This talented individual, named Clive Campbell but better known as DJ Kool Herc, invented breakbeat and started what eventually became known as turntablism. With him, the idea was born that not only could two songs be mixed, but parts of different sampled instruments could be used to generate something completely new. The DJ became both a musician and an entertainer.

Another innovation born in the same period was discovered by Theodore Livingstone, aka Grand Wizzard Theodore, apprentice of the hip-hop pioneer and inspirational artist Grandmaster Flash. Theodore discovered the technique one day when, while his mother was calling him, he put his hand on the vinyl to stop the music, and realizing the sound it created, he moved it back and forth, making the turntable needle screech. And so, scratching was born.

What more could you do with a turntable? Maybe there was still something to experience and that's what Joshua Paul Davis probably thought while he was alone in his little room during his high school years in Davis, California. He had at his disposal a four-track recorder, a couple of turntables and vinyl records of the most varied genres that he sometimes even recovered from the garbage.

He began creating samples by not limiting himself to a specific genre, his first recordings cannot be classified; they range from rock to hip hop, from electronic music to ambient. A journalist from NME magazine described one of his earliest singles, "In/Flux", as trip-hop, but I'm not sure it's the most appropriate definition. Even the vocal parts used by Joshua – who would soon take the name DJ Shadow – were different from trip-hop, with lyrics of only a few words and sometimes just scattered vocal fragments.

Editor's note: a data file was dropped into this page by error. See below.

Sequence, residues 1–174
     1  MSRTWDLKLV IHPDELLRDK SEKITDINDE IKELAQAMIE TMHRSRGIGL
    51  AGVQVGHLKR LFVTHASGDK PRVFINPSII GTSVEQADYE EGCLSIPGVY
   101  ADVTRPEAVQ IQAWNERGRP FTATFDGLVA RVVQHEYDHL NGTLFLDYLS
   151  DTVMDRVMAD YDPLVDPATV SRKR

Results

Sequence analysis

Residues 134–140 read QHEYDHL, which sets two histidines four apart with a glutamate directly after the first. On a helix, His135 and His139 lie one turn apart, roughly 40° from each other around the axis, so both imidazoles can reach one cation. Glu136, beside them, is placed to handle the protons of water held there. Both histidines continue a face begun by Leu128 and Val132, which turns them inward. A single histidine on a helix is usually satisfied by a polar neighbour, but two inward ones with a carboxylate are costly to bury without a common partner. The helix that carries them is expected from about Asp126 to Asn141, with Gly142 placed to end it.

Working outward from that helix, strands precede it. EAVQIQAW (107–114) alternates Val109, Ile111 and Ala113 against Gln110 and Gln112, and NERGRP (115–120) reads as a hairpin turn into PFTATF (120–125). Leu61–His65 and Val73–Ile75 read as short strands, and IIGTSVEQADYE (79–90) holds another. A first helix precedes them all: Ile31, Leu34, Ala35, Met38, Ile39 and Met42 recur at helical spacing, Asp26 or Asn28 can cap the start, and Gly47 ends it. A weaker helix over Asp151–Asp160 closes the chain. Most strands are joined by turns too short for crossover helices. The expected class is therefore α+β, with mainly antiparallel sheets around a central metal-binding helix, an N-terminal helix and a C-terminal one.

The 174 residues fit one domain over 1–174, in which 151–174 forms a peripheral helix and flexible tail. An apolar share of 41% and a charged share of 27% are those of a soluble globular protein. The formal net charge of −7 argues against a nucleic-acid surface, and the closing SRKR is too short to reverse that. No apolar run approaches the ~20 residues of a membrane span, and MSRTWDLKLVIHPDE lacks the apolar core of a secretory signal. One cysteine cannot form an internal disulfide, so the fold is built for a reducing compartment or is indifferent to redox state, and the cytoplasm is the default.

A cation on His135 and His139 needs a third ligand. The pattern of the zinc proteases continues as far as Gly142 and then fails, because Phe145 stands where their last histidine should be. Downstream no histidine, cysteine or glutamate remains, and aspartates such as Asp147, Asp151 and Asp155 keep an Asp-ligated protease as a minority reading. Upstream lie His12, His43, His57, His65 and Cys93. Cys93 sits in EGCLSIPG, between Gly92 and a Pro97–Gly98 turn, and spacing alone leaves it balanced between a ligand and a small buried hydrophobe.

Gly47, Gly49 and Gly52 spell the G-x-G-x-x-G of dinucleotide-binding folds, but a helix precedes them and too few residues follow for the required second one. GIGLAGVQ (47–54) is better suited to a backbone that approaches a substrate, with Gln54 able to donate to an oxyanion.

In the early years, DJ Shadow worked a lot on sample manipulation and creating remixes. In 1991 and 1992 many of his remixes were released by Hollywood BASIC, a subsidiary label of Hollywood Records; some of these later ended up in the "BASIC Beats Sampler" compilation. The following year, Shadow participated in the creation of the hip-hop label Solesides, with which he began a collaboration destined to last a very long time, until the label's demise in favour of Quannum Projects.

But in these same years, he was putting together the pieces for his first debut. He had been contacted in 1993 by James Lavelle, who had shown interest in releasing his single "In/Flux", and along with another of DJ Shadow's early singles, "Lost and Found", these tracks were lucky enough to be released in the years that followed.